Government would rather protect households than prop up struggling companies, says industry source
Last modified on Sun 19 Sep 2021 07.03 EDT
The majority of the UK’s small energy suppliers could be left to collapse this winter, the Guardian understands, as the government’s crisis talks focus on protecting households rather than bailing out struggling companies.
The business secretary, Kwasi Kwarteng, was due to meet with the industry regulator on Sunday to thrash out possible options to intervene in the energy market following a recent run of supplier collapses due to a record rise of global gas and electricity prices.
Five small operators have gone bust in the last five weeks, leaving over half a million customers in need of a new supplier, and industry sources expect another four may fold before the end of the month leaving over a million customers stranded.
The Guardian understands the government would rather put in place arrangements to protect the millions of homes that may be left without a supplier this winter than prop up poorly financed companies which are likely to fail.
One senior industry source said the government was “not interested in bailing out badly run companies” and may leave the sector to experience a “natural response” to the unfolding energy crisis.
By the end of winter the industry may shrink to as few as 10 energy suppliers, according to analysis from experts at Baringa Partners for the Times, from about 70 suppliers at the start of the year.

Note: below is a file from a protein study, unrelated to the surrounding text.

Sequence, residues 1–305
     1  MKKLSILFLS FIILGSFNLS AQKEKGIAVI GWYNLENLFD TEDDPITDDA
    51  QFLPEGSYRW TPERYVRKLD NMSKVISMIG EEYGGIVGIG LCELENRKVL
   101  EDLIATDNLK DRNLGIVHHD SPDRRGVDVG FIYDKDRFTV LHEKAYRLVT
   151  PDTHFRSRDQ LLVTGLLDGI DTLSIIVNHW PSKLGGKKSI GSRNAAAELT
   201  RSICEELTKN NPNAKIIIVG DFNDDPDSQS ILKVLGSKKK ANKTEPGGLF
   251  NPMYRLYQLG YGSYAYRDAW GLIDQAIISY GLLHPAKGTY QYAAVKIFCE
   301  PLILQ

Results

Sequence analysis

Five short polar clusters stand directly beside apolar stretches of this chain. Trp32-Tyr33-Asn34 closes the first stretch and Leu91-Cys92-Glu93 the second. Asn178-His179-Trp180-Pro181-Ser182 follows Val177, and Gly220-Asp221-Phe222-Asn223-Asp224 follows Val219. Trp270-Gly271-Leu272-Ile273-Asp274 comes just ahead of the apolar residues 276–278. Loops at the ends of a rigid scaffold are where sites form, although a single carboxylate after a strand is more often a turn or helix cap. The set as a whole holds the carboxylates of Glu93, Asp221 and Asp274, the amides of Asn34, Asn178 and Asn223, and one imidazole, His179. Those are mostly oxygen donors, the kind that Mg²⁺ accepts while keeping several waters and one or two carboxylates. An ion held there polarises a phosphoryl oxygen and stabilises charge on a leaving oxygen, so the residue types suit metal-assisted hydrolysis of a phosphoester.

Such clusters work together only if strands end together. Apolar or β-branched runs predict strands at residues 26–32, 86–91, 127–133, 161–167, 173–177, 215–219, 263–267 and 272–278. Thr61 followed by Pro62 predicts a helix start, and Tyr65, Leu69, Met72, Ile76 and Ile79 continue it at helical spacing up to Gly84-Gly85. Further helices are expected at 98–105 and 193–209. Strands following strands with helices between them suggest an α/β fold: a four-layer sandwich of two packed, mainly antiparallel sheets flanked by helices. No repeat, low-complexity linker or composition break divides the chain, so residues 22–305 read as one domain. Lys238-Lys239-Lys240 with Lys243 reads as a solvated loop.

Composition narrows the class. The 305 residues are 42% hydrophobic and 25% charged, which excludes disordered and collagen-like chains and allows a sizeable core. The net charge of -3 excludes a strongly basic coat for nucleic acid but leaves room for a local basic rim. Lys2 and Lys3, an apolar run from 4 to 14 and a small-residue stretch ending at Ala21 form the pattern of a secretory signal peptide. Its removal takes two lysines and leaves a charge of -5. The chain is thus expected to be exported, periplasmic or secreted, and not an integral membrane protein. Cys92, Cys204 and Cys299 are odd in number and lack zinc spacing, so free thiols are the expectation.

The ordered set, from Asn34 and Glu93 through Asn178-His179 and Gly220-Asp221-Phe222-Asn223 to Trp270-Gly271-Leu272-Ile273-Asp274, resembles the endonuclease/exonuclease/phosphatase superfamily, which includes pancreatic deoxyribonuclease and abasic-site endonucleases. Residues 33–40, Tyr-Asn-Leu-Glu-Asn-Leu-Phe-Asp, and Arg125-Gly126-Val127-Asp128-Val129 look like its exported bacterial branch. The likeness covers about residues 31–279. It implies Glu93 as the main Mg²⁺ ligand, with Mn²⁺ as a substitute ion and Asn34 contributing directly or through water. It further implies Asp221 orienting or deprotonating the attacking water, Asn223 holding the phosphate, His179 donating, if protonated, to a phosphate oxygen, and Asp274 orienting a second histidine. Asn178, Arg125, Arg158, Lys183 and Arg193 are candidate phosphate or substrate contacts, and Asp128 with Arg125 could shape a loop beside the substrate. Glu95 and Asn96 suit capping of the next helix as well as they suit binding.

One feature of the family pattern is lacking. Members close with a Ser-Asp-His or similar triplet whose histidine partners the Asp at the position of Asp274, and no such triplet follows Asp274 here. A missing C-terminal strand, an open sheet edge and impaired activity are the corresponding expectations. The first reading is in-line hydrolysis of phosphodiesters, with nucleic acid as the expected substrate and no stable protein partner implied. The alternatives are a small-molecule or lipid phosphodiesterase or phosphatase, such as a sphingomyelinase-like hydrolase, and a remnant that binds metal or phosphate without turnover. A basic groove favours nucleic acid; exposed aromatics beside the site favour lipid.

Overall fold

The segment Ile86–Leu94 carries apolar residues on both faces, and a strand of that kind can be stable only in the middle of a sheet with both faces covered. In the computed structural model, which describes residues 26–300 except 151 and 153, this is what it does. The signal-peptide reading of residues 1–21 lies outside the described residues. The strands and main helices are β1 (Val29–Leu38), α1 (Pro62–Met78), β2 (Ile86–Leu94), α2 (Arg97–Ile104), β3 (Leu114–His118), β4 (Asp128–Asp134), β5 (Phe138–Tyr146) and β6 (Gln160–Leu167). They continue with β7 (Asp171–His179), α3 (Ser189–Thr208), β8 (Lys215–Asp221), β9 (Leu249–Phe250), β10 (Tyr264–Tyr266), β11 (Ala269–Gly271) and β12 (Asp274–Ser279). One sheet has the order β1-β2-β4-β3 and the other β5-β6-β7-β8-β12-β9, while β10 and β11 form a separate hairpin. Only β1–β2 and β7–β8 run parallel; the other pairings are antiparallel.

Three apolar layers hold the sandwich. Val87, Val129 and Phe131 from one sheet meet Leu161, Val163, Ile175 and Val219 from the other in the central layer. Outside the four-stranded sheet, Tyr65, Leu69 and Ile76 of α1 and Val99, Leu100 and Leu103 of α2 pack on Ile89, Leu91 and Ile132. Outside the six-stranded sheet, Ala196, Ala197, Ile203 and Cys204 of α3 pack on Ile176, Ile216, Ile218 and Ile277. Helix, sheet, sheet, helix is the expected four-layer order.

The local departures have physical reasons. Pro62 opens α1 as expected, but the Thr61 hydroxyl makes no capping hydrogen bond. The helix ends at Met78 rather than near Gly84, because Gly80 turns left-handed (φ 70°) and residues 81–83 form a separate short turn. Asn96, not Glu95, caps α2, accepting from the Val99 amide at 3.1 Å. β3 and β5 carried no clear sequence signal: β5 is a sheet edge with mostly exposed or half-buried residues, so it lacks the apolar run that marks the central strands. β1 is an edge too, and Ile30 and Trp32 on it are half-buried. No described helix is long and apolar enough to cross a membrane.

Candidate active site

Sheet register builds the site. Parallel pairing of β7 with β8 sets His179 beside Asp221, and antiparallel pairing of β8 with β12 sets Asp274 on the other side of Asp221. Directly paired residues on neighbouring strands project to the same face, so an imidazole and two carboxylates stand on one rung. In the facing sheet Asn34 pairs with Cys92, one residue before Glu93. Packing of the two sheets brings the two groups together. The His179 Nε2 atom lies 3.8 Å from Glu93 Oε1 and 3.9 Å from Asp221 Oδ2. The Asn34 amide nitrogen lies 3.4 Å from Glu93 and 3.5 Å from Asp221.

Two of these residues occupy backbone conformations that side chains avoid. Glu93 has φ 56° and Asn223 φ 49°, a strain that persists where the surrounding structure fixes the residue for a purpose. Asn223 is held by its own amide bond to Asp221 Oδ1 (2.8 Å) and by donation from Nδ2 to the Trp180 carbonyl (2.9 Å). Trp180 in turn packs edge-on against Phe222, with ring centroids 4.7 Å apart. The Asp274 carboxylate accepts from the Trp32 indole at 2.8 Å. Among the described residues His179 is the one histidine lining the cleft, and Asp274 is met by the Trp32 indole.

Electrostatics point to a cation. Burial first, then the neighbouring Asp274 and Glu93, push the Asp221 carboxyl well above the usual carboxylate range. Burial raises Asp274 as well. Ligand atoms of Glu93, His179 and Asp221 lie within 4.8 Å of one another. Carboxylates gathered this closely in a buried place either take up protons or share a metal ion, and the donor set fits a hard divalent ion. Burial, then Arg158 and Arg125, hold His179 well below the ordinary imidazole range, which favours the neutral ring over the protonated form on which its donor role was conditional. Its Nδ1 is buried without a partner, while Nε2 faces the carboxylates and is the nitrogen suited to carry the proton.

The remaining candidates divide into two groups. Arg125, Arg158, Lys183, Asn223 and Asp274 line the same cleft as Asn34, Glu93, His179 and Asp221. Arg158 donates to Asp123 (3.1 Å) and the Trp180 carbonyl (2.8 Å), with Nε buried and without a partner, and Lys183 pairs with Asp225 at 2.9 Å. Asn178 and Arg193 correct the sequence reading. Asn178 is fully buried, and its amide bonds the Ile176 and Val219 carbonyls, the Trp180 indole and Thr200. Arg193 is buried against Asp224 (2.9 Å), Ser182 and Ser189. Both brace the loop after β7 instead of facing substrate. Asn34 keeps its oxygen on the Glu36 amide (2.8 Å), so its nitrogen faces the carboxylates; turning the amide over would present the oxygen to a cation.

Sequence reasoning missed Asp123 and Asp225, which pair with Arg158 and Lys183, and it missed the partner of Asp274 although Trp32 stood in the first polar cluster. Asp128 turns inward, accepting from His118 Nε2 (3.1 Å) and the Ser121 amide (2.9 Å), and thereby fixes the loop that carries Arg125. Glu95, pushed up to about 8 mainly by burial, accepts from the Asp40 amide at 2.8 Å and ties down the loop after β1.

The all-time gas price highs have also forced a slowdown at UK steelmakers and industrial chemical factories, posing a major risk to the UK’s food industry which relies on the CO2 they produce for fizzy drinks, packaging and to stun animals for slaughter.
Kwarteng tweeted that he would meet the industry regulator, Ofgem, on Sunday to discuss the situation before holding a roundtable meeting with industry leaders on Monday “to plan a way forward”.
The meetings follow a raft of one-on-one crisis talks with the leaders of the UK’s biggest energy companies over the weekend, which were likened by one senior industry source to the emergency meetings held with companies at the start of the Covid-19 pandemic.
The government is expected to consider measures that would support those energy suppliers that can take on the large numbers of customers “left vulnerable” after a company collapse, to ensure they are protected through the winter, the source said.
Another industry leader told the Guardian there had been “sensible conversations about how to manage the exit of less well-run companies”.
The government’s approach, which is still undecided, could lead to a dramatic shrinking of the energy supply market which has seen an influx of small suppliers in recent years. Many do not have the financial heft to weather market volatility and resort to poor customer service to cut costs.
The households left stranded when their energy supplier goes bust are typically placed into a scheme run by Ofgem, which assigns a new supplier to take on the displaced customers.
The huge number of customers who are expected to be left without a supplier this winter could require extra support for the scheme from government and the regulator to cope with the steep rise in demand for new “suppliers of last resort”.
Kwarteng said on Saturday that the government did “not expect supply disruptions this winter”.
The Department for Business, Energy and Industrial Strategy was approached for comment.
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